To mark the 250th anniversary of the birth of James Hogg (1770-1835), we are featuring a peculiarly timely manuscript from Edinburgh University Library’s collections. Hogg’s poem ‘1831’ will strike a familiar chord with readers in 2020. It bids a hearty good riddance to a year plagued by a rampant epidemic, public unrest, conspiracy theories, and disruption to work and trade.
The poem’s refrain damns 1831 as the accursed year of ‘Burking, Bill, and Cholera’. The first major 19th-century outbreak of cholera reached Northern England in late summer 1831, probably via ships bringing imports from India. By the end of the year, it had entered Scotland, where it spread rapidly through the growing industrial towns, killing over 9,500 people. The disease also caused massive unemployment, particularly among weavers, as the demand for their wares plummeted. Quarantine regulations further prevented hawkers and travelling salesmen from travelling between towns. Economic deprivation led to ‘cholera riots’ in Glasgow, Edinburgh, and Paisley. The target of the rioters’ fury was the medical profession which was suspected of Burking cholera patients. This term alluded to the body-snatching spree of Burke and Hare, crimes fresh in the public memory. It implied that doctors were systematically murdering cholera-sufferers to meet the demand for anatomic specimens.
Some protesters also claimed that the British government was deliberately spreading cholera in order to thin the numbers of the politically troublesome working classes. By ‘Bill’, Hogg means the Reform Bill of 1831, which envisaged a huge expansion of the (male) electorate. The rejection of the Bill by the House of Lords led to a nationwide outbreak of popular violence. Rioters set fire to Nottingham Castle (hence Hogg’s references to ‘flames’ and ‘fumes’) and seized control of Bristol for three days. Suspicion that cholera was being used to suppress the working classes blurred the boundaries between ‘Reform riots’ and ‘Cholera riots’.
Hogg’s essentially humorous poem is built around a series of outrageous run-on rhymes where ‘cholera’ is made to rhyme with ‘intolera(ble)’, ‘follower a’, ‘hollower a’ ‘scholar a’, ‘roller a’, and ‘polar a’. The poet imagines a reader upbraiding him for ‘impiously’ laughing at ‘flames and death’ but protests that he merely longs to see an end to ‘drivelling without end | ‘Bout Burking, Bill, and Cholera!’. Although a man of the people himself, Hogg was, in fact, no friend to the Reformers.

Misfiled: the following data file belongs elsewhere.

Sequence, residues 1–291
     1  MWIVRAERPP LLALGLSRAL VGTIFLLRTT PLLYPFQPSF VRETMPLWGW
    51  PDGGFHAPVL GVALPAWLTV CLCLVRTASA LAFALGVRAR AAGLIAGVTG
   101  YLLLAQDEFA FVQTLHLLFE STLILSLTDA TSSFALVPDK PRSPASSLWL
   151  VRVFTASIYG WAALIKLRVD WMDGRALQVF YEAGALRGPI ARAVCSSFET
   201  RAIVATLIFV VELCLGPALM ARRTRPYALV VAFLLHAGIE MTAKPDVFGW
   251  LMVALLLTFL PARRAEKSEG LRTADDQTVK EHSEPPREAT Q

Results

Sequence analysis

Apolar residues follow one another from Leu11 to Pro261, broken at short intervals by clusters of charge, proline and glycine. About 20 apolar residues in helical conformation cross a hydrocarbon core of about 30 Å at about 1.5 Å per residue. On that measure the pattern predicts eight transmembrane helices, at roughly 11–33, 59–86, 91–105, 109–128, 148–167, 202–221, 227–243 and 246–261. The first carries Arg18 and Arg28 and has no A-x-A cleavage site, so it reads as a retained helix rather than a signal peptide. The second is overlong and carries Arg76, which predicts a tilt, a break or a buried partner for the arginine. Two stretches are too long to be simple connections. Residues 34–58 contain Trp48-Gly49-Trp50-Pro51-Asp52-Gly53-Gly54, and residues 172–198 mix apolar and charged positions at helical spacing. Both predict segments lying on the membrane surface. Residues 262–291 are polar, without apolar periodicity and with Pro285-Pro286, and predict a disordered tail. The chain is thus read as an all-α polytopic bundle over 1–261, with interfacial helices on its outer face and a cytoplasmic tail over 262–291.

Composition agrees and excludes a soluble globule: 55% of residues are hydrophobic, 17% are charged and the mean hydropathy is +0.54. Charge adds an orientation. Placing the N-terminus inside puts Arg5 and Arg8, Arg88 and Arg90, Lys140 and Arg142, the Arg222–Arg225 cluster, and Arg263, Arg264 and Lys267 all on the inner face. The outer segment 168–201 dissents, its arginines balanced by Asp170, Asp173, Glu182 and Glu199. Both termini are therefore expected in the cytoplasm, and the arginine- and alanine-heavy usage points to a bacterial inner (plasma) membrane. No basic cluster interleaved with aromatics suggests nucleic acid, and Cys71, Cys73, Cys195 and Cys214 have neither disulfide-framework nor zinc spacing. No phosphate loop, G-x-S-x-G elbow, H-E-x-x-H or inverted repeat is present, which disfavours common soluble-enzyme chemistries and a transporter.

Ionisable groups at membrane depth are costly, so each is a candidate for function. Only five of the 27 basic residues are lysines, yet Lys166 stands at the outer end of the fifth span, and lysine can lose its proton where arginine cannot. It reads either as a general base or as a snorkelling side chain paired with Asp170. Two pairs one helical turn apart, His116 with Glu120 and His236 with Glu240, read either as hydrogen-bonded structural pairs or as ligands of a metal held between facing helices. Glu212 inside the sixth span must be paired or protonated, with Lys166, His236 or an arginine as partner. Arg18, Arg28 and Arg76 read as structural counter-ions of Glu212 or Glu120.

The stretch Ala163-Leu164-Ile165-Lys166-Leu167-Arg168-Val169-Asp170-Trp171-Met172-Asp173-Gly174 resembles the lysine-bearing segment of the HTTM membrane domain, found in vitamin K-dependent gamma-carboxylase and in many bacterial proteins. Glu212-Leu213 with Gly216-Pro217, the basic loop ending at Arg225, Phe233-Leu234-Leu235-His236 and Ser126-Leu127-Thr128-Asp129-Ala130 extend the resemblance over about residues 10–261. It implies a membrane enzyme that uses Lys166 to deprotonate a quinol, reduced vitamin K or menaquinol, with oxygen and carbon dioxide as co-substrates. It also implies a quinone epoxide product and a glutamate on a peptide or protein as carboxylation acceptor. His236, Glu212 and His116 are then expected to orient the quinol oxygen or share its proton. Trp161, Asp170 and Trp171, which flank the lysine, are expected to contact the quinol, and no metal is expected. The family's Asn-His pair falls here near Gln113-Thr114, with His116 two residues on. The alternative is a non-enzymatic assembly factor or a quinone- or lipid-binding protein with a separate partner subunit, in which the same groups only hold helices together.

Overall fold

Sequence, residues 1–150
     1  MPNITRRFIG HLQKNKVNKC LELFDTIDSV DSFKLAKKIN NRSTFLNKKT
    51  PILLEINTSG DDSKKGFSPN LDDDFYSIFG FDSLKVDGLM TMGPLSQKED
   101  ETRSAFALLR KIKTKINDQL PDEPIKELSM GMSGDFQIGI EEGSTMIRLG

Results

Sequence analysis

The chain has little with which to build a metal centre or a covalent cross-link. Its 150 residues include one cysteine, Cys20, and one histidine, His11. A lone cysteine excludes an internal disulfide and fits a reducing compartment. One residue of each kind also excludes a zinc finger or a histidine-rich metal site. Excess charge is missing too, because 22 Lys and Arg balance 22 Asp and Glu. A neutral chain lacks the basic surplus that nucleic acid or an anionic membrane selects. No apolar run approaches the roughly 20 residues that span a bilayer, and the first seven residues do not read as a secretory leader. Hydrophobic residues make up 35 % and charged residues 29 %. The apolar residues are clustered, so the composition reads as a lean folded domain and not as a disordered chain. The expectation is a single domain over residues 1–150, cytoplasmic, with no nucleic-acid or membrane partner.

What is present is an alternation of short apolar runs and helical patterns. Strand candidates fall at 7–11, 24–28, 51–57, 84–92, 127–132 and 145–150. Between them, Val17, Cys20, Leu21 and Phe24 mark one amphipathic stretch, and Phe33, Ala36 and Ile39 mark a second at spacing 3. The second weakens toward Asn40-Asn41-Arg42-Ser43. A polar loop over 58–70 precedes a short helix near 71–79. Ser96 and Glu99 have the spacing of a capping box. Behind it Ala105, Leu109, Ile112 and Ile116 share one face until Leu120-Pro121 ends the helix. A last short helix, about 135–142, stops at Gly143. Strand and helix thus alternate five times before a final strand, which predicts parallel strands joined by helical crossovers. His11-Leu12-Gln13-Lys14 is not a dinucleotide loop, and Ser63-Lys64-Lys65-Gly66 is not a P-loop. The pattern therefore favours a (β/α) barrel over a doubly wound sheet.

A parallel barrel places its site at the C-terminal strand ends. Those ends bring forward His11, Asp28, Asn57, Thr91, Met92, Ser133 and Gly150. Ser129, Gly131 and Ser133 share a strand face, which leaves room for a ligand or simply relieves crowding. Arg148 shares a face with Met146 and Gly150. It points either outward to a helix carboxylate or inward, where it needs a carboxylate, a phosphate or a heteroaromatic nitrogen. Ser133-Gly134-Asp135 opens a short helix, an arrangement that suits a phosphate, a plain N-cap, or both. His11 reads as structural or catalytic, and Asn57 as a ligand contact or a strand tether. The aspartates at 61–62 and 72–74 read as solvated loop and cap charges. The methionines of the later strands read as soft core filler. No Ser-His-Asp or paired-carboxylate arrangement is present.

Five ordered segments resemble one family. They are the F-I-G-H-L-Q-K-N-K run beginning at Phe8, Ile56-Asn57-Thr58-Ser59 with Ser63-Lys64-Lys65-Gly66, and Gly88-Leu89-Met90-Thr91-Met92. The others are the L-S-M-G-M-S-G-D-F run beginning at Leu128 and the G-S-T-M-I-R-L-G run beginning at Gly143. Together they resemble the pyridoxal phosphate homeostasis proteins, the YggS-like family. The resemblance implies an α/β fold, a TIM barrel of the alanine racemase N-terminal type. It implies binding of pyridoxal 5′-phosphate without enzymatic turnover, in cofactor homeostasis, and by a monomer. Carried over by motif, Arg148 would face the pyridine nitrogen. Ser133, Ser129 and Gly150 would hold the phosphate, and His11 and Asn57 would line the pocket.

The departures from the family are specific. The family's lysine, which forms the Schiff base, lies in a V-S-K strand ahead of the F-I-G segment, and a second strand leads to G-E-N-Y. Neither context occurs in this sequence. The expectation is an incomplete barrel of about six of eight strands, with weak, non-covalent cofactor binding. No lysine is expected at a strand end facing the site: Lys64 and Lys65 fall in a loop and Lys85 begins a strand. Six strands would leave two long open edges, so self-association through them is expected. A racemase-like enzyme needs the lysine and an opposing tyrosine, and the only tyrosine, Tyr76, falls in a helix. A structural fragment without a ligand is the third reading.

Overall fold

See below for the two-page manuscript ((Dc.4.101-103), which Hogg signs with his literary soubriquet ‘The Ettrick Shepherd’:
Transcript (page 1)
1831 by the Ettrick Shepherd
O Eighteen hundred thirty one
Thou hast been an intolera-
Ble year for fume, for fudge, and flame
For Burking and for cholera
I’m glad that some thine end hast seen;
And may heaven make thy follower a
Better year than thou thou hast been
With thy fumes, bill, and cholera
“Hold, Shepherd! Hold thy impious breath!
It would be most intolera-
Ble thus to laugh at flames and death
At Burking and at cholera!”
Alas! I neither laugh nor flout
Nor give my tongue a tolera-
Tion either to deride or scout
The burking, bill, or cholera
I only pray this year may send
To chief, to hind, to scholar a
Relief to drivelling without end
‘Bout burking, bill, and cholera
Transcript (page 2)
For all the years that I have seen,
A heartlesser and hollower a
Year than thou has never been,
With burking, bill, and cholera
Farewell, farewell! I see a storm
A rapper and a roller, a-
Pproaching so fiercely ‘bout Reform—
Twill burke both bill and cholera
Farewell, farewell! God speed thy flight
Far o’er the regions polar a
Long farewell to thee—jade outright
Thy burking, bill, and cholera
‘1831’ may well have been written during Hogg’s sole visit to London (late December 1831 to late March 1832), or possibly during the interminable one-week boat-trip that took him there from Edinburgh. Hogg had travelled to London to arrange for the publication of his collected fiction by the emerging publisher James Cochrane. This project, which Hogg hoped would offer financial security to his young family, was destined to fail when Cochrane was bankrupted shortly after the appearance of the first volume. During his three-month stay in the capital, Scott was feted by both high society and the literary world. ‘1831’ was published in the February 1832 edition of Fraser’s Magazine, which also featured a humorous account of the public celebration of Hogg’s ‘official’ birthday on 25 January. (Hogg’s date of birth is unknown. He was baptized on 9 December 1770 but may have been born up to three weeks earlier. He chose 25 January as his official birthday so as to share the date with another peasant-poet, Robert Burns.) The account is accompanied by a portrait by Daniel Maclise, where Hogg is wrapped in his characteristic shepherd’s plaid, but otherwise cuts a more distinguished figure than in previous portraits, where he depicted as either a dreaming rustic or a drunken buffoon.
For further images of Hogg, see Edinburgh University Library’s Walter Scott Image Collection.
For further manuscript holdings of James Hogg in Edinburgh University Library, see a new resource on our ‘Scottish Literary Papers’ site.
- Mary Gray Hogg Garden, Memorials of James Hogg, the Ettrick Shepherd (Paisley: A. Gardner, 1885).
Peter Garside, ‘Hogg and the Book Trade’, in The Edinburgh Companion to James Hogg, ed. Ian Duncan and Douglas S. Mack (Edinburgh: Edinburgh University Press, 2012), pp. 21-30.
Gillian Hughes, ‘A Celebrity Sketch by Daniel Maclise’, Yale University Library Gazette, vol. 77, no. 1/2 (October 2002), pp. 86-90.
R. J. Morris, Cholera, 1832: The Social Response to an Epidemic (London: Croom Helm, 1976).
Eoin Shaloo, ‘An Unwelcome Visitor’, Discover (National Library of Scotland), issue 4 (2007), p. 15.
Paul Barnaby, Scottish Literary Collections Curator